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Control of light vehicle-manipulator systems

Objective

The advent of light and freely moving autonomous robots that can perform complex and versatile operations in challenging environments, involving highly precise and forceful physical interactions, would represent a scientific breakthrough. In such robots, kinematics and dynamics will be intimately connected. Although solutions for specific use cases do exist, a control-theoretical framework, capable of dealing with this tight coupling in a wide range of contexts, is lacking. In CRÈME, I will establish the foundations for such a general framework for autonomous control of systems with strong coupling of kinematics and dynamics. In three research lines, I will build the framework while gradually increasing the level of complexity. In parallel, I will evaluate and demonstrate the utility of this framework for motion planning and control for energy-efficient propulsion, hovering, forceful interaction with objects, and energy harvesting in articulated autonomous underwater vehicles. The rationale for using underwater vehicles as a demonstration arena is partly due to my familiarity with the field, but primarily because the control challenges are particularly demanding. Thus, this will be the ‘litmus test’ for the utility of the framework in a whole range of other contexts. Over three decades, I have contributed with fundamental research to the control theory of underactuated marine vehicles and snake robot locomotion. This has brought me thorough understanding of both the practical challenges of robots in marine environments and the strengths and limitations of current control theory frameworks. More importantly, it strengthened my conviction that the field needs a leap forward as described above. Hence, this project represents an exciting and ambitious endeavour with great potential impact. Despite being hence of a high-risk, high-gain nature, this project is structured such that it will provide pioneering control theoretical contributions for this new class of robots.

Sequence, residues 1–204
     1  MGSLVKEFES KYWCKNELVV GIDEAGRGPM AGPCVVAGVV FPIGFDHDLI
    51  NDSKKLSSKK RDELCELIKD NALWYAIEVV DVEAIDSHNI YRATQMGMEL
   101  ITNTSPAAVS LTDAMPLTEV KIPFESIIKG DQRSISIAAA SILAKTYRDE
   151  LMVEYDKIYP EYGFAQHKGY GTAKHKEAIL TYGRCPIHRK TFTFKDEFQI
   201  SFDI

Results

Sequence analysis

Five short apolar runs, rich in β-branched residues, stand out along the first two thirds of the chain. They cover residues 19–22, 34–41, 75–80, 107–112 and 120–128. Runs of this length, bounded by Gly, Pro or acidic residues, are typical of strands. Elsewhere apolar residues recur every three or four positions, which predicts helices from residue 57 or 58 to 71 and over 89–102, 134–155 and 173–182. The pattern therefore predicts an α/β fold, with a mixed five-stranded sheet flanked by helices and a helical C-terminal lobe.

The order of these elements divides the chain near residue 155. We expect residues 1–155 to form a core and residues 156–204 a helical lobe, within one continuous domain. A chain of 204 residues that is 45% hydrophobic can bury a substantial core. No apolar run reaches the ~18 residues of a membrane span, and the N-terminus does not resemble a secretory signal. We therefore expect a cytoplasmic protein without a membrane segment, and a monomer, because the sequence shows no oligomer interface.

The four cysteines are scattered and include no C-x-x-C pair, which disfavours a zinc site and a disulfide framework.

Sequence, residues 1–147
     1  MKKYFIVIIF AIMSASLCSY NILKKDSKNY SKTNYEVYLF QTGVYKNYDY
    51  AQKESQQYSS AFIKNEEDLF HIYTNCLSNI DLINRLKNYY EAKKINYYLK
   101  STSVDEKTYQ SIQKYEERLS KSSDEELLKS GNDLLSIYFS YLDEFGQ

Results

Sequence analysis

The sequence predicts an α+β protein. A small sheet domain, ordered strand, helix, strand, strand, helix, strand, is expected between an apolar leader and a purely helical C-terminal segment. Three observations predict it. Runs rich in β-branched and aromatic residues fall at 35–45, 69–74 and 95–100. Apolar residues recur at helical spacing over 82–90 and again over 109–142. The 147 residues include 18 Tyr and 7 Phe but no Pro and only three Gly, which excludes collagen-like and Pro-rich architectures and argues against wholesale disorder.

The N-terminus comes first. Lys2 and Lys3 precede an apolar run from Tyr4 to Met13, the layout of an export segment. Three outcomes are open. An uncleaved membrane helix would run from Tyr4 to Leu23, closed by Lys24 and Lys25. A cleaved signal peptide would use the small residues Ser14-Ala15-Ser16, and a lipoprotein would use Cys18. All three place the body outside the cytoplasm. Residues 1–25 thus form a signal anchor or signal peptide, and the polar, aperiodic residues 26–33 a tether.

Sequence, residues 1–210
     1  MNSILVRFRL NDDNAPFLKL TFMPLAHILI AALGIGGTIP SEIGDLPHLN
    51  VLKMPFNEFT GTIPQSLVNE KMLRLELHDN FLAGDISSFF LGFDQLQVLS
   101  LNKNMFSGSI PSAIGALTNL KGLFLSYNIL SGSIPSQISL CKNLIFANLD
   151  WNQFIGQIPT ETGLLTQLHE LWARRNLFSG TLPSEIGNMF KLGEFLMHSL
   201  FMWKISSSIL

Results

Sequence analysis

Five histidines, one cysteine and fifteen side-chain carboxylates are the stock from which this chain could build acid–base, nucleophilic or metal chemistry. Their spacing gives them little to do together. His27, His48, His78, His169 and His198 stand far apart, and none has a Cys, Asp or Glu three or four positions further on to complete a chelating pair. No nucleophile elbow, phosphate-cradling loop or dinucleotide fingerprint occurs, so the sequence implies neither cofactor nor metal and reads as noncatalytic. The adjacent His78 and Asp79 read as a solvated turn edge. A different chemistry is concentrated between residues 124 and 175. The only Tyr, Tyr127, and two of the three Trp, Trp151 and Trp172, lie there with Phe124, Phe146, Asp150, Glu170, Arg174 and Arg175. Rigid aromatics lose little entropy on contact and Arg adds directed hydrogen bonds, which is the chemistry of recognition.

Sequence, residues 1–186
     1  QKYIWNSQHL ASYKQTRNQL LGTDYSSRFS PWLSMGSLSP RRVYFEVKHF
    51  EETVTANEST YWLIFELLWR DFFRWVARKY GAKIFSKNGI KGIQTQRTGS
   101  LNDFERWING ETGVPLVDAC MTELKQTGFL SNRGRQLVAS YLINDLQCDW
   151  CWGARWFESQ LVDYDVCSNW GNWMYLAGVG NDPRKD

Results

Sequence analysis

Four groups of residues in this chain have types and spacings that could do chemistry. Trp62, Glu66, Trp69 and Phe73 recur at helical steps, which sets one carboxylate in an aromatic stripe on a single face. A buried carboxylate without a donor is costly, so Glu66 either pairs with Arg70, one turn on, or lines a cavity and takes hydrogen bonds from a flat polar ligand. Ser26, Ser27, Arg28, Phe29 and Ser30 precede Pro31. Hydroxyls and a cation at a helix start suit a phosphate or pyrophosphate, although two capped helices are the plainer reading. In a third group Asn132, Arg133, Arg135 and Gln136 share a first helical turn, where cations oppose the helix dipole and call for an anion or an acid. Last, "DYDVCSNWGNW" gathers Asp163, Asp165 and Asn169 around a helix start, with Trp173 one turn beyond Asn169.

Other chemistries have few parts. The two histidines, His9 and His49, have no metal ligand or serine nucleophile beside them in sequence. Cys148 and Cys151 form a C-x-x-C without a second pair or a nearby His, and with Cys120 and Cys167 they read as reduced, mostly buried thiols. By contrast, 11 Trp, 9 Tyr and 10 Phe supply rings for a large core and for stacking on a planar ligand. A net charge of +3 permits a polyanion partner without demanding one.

Call for proposal

ERC-2020-ADG
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Host institution

NORGES TEKNISK-NATURVITENSKAPELIGE UNIVERSITET NTNU
Address
Hogskoleringen 1
7491 Trondheim
Norway
Activity type
Higher or Secondary Education Establishments
EU contribution
€ 2 499 101,88

Beneficiaries (1)

NORGES TEKNISK-NATURVITENSKAPELIGE UNIVERSITET NTNU
Norway
EU contribution
€ 2 499 101,88
Address
Hogskoleringen 1
7491 Trondheim
Activity type
Higher or Secondary Education Establishments